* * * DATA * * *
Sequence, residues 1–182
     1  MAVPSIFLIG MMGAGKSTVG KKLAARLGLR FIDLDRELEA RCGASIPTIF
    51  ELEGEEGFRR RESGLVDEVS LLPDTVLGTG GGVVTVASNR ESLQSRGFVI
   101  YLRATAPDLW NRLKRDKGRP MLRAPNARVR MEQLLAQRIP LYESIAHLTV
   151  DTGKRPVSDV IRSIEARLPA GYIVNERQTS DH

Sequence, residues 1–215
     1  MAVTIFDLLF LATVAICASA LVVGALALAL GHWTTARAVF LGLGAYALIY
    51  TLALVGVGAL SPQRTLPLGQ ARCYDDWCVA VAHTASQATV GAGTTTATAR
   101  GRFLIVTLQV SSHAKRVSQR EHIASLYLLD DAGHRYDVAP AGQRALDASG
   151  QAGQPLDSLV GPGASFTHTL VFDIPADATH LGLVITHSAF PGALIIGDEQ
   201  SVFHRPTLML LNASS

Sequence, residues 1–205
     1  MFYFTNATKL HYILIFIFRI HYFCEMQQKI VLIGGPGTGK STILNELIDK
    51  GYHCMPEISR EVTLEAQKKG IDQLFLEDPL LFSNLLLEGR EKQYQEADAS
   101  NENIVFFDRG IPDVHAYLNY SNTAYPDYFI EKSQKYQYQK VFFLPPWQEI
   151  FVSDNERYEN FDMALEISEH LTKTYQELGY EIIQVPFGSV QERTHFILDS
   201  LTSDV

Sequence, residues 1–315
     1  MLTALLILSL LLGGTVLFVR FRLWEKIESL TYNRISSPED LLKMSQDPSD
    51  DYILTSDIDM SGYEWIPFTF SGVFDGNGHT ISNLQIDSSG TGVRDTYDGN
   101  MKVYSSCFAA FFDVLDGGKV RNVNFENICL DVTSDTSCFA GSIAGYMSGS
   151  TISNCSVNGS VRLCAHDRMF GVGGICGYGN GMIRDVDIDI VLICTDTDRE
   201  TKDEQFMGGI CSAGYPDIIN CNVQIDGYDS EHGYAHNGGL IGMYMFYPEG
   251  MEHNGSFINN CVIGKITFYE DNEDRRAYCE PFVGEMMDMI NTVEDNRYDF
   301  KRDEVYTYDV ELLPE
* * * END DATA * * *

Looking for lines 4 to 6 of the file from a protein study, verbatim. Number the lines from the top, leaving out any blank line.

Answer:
   101  YLRATAPDLW NRLKRDKGRP MLRAPNARVR MEQLLAQRIP LYESIAHLTV
   151  DTGKRPVSDV IRSIEARLPA GYIVNERQTS DH

Sequence, residues 1–215